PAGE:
Design of the first ACE inhibitor, captopril, was inspired by the structure of natural bradykinin-potentiating peptides (BPPs) present in venom of the Brazilian pit viper (Bothrops jararaca) [10]. After envenoming, these peptides result in hypotensive shock of the prey by inhibiting ACE, thereby preventing BK hydrolysis, and potentiating the action of BK on its B2 receptor possibly through cross-talk with ACE [1113]. To date, numerous BPPs have been isolated from the venom of snakes [1416], spiders [17], scorpions [18] and secretions of amphibian skin [19,20]. BPPs isolated from snake venom are typically 5–13 amino acids in length and contain an N-terminal pyroglutamate (Pca) residue and C-terminal -Ile-Pro-Pro motif. This motif is required for BK potentiation and only present in venom derived from male snakes [21].

Interestingly, some BPPs display domain-selective inhibition of ACE. Using single ACE active site knockout mutants, Cotton et al. [22] observed that inhibition by BPPb was 360-fold C-selective whereas BPPa (also known as BPP9a or teprotide) was 160-fold C-selective and BPPc non-selective (Figure 1, Table 1). In a previous study by Hayashi and Camargo [11], BPP10c (given as BPP2 in Cotton et al.) displayed 400-fold C-selectivity. Moreover, mice treated with BPP10c showed undesired alterations in spermatogenesis [23,24]. With the current research, we therefore sought to uncover the molecular basis for BPPb C-domain selectivity to identify crucial moieties and guide the future design of domain-selective ACE inhibitors.

Schechter-Berger diagram of BPP peptides binding to the ACE active site.

Figure 1.
Schechter-Berger diagram of BPP peptides binding to the ACE active site.

Residues differing between the C-selective BPPb and non-selective BPPc are given in bold.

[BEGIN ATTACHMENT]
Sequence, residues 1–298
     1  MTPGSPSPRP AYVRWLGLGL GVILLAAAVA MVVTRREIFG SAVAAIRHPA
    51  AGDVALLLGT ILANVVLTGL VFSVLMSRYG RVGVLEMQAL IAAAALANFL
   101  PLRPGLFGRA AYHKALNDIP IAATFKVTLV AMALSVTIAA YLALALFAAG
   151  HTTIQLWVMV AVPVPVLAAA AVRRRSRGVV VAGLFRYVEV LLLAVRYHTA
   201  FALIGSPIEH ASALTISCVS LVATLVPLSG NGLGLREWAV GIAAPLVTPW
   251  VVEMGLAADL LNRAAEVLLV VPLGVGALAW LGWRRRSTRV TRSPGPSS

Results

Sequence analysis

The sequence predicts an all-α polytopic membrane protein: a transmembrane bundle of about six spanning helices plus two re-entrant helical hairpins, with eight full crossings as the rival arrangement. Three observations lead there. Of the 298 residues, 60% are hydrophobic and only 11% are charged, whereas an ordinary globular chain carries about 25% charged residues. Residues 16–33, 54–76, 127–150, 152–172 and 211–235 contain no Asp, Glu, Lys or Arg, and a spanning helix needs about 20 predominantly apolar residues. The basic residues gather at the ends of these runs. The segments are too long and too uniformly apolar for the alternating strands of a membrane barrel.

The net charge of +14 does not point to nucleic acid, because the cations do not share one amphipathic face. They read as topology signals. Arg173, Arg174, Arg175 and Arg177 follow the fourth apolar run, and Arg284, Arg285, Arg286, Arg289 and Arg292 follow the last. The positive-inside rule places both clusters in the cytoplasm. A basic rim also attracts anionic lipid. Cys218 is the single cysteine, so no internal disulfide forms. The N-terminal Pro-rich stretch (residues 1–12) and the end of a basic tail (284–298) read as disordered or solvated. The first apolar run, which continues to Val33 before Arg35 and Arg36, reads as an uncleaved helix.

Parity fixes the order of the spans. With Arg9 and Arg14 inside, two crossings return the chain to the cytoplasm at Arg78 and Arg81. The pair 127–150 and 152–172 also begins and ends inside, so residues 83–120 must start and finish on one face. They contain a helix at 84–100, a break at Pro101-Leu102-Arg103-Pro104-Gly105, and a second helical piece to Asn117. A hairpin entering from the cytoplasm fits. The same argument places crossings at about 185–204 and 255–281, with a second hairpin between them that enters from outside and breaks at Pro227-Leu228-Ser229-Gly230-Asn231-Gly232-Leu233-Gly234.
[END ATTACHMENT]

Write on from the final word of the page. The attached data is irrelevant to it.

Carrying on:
Figure 1.
Schechter-Berger diagram of BPP peptides binding to the ACE active site.

Residues differing between the C-selective BPPb and non-selective BPPc are given in bold.

Table 1
Binding affinity (Ki) and domain selectivity values of BPP peptides previously determined using ACE proteins containing a single functional active site
 Ki (nM) C-domain selectivity Ki(N-domain)/Ki(C-domain) Reference 
C-domain N-domain 
BPPb 25 9000 360 [22
BPPa 0.5 80 160 [22
BPPc 70 55 0.79 [22
BPP21 220 110 [22
BPP10c1 0.5 200 400 [11
 Ki (nM) C-domain selectivity Ki(N-domain)/Ki(C-domain) Reference 
C-domain N-domain 
BPPb 25 9000 360 [22
BPPa 0.5 80 160 [22
BPPc 70 55 0.79 [22
BPP21 220 110 [22
BPP10c1 0.5 200 400 [11
1

The peptide sequences for BPP2 and BPP10c are identical.

Materials and methods

Construction of ACE mutants

Truncated wild-type N-domain [25] and C-domain [26], C-domain mutants (S516N [27], E403R [26] and C1–163 Ndom-ACE [28]) and N-domain mutant SEDSTE_YR [29] were previously cloned into pcDNA3.1+ (Invitrogen) for mammalian cell expression. The wild-type C-domain construct in pBlueScript SK(II)+ (pBS SK(II)+, Stratagene) was used to create the single mutant E143S whereas S516N pBS SK(II)+ was used as template for addition of S517V to yield the SS/NV double mutant via PCR-based site-directed mutagenesis. The triple mutants SSE143S and SSE403R were subsequently created using sequential site-directed mutagenesis reactions with SS/NV pBS SK(II)+ as template. For expression in mammalian cells, the mutant constructs were cloned into pcDNA3.1+ using the BamHI and EcoRI restriction sites. The quadruple mutant SSEE was then created by sub-cloning the region containing E143S mutation into SSE403R pcDNA3.1+ using NotI and Kpn2I. Positive incorporation of desired mutations in all mutant constructs was confirmed by nucleotide sequencing.